You want to make good and sure there is no gap in coverage between the time you change your policy and when you cancel the other home insurance policy.
“Mortgage lenders require that mortgagees maintain homeowners insurance to protect the mortgagor’s investment,” said Worters, “so you have to make sure you get the proper proof that you are insured. Another pitfall is you may find another homeowner insurer determines rates differently from your prior insurer and your rates might actually increase. Perhaps you no longer have a loyalty discount for example, or your insurer has had bad experiences with pit bull dogs and won’t insure your home, whereas the other company had no problem with pit bull dogs.”
Espenschied said that shopping for home insurance is not unlike shopping for auto insurance, with the challenges or pitfalls sometimes being that you cannot find an insurance professional you feel comfortable working with for all your insurance needs.
“The biggest reason most people don’t shop for home insurance is because it’s automatically paid by the mortgage company and people feel it might be a hassle to switch,” said Espenschied. “What you might not realize is that if you lower your home insurance premium, you’ll also be lowering your house payment if your mortgage company is collecting every month for the home insurance premium. If you reduce your home insurance premium $600 a year, you’ve now just saved $50 a month on your house payment.”
You should compare at least three companies before making a decision. Compare even more if you’ve got the time and want to feel more confident about that decision. Take a good hard look at financial stability ratings, rates in general, complaint data and reviews. In the end, you’re making an educated guess.
Don’t skip the homework part of your search. If the company you’ve found with cheaper rates doesn’t necessarily have a “gold star” in ratings, or isn’t financially stable, is it really worth saving a few bucks?
You can compare homeowners insurance companies by searching on the National Association of Insurance Commissioners for consumer complaints, licenses and financial strength. Also, check Insure.com’s Best Home Insurance Companies.
“Whatever you are most comfortable with shopping,” said Worters. “Like anything else, depending on the person, shopping online is a preferred method, while others like face-to-face contact with the insurance agent or company representative.”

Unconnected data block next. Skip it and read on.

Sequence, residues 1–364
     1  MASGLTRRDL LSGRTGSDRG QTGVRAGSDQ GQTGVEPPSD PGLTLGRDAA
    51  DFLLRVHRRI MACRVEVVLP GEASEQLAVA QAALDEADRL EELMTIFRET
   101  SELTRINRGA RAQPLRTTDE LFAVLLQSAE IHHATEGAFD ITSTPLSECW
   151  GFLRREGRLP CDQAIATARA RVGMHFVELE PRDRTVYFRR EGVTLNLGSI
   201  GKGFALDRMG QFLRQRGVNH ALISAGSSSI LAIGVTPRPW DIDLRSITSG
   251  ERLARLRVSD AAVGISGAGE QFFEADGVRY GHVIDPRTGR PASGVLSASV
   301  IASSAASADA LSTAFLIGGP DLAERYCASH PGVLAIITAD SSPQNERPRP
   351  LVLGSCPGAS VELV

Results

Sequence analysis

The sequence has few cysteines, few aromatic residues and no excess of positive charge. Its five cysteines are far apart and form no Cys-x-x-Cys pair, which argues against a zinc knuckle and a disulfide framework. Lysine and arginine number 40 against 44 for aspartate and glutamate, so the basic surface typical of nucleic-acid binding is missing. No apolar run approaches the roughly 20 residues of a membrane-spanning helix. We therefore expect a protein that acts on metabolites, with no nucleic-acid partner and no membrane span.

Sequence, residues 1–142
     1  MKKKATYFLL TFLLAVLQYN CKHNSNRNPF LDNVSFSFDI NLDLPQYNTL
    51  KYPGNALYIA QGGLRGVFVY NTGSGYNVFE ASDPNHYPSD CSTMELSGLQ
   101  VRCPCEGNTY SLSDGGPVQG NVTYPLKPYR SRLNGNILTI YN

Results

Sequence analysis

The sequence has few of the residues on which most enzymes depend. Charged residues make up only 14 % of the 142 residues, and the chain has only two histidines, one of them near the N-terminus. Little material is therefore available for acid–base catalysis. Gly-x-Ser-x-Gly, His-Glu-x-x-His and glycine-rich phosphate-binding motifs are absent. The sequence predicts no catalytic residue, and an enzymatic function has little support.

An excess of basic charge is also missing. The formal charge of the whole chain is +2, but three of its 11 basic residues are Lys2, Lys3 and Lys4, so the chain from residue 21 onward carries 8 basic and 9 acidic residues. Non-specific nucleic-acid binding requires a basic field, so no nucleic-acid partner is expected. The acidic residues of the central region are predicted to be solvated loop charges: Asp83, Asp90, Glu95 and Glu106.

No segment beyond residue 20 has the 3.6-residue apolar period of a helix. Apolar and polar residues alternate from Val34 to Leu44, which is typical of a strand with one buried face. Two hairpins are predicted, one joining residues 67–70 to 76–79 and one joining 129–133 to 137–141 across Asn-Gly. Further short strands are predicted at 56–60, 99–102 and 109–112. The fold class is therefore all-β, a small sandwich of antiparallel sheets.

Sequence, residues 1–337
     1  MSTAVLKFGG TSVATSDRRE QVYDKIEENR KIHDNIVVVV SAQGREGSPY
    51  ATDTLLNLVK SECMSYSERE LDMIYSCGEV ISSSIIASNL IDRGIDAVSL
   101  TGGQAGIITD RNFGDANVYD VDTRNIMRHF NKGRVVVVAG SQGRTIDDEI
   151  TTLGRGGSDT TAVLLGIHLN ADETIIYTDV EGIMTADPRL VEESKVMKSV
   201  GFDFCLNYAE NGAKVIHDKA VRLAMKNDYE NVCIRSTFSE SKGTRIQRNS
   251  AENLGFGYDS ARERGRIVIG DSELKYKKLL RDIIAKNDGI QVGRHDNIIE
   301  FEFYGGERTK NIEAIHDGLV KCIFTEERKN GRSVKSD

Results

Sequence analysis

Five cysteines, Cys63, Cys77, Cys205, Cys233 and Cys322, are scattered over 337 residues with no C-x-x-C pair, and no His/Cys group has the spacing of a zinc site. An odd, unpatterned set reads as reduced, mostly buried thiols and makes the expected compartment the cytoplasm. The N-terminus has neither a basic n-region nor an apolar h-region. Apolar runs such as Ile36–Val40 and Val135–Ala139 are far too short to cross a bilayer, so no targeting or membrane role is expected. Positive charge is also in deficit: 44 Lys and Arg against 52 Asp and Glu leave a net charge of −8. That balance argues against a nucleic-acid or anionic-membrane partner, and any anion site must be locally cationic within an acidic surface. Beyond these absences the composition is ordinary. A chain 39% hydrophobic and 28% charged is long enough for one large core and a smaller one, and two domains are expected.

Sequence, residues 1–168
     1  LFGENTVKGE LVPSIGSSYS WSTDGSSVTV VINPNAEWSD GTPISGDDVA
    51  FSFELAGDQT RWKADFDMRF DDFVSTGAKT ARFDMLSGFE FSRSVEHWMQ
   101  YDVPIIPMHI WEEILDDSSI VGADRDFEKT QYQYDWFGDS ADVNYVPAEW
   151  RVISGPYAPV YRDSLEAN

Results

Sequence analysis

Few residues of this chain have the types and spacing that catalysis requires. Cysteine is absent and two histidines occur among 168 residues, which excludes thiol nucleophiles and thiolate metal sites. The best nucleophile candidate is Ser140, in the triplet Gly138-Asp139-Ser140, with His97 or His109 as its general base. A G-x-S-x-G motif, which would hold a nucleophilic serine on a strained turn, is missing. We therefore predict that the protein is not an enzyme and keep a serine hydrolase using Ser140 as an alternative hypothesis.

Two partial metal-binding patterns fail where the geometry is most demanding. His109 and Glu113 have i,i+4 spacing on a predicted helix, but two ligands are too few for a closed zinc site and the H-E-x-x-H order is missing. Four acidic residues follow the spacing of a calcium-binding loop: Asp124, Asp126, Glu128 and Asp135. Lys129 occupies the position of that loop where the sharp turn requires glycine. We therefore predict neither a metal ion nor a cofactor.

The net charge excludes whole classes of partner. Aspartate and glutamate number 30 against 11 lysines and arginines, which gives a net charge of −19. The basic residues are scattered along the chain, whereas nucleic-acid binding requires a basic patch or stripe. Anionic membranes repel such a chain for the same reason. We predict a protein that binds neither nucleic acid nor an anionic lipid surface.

It’s extra helpful to have your current policy in front of you while you’re making all of these comparisons. Then, you’ve got a line-by-line reference and not just an overview in your head.
Also, before moving on, ask your current insurer if they can give you a new rate or offer any discounts you may have overlooked or had not been available before.
Here’s what to do and what not to do when switching home insurance companies:
- Look beyond cost.
- Shop around.
- Research the new company.
- Let your soon-to-be old insurer know you want to cancel your policy; don’t assume they will cancel it for you.
- Make sure you compare your policy line by line (category by category) when shopping around, so you’re not getting a cheaper policy just because it covers less.
- Inform your finance company and/or mortgage company of the change if you switch.
- Cancel your current policy before a new one is in effect.
- Change to an unknown company until you do your research.
- Be afraid to make a jump to a new company if it proves to be a good fit for you.
- Worry about losing a bundle if the new company has a lower base rate or other discounts that make it cheaper for you.
“Many people will ask family, friends or co-workers for a home insurance referral,” Espenschied said. “Calling around might be a crapshoot. Be careful of giving your information out online; you might find out the company you requested a quote sold your information to 20 different insurance agents.”
You can also use Insure.com’s Home Insurance Advisor. The tool asks you a handful of questions to figure which coverage you need. The advisor can help you as you look to switch your home insurance company.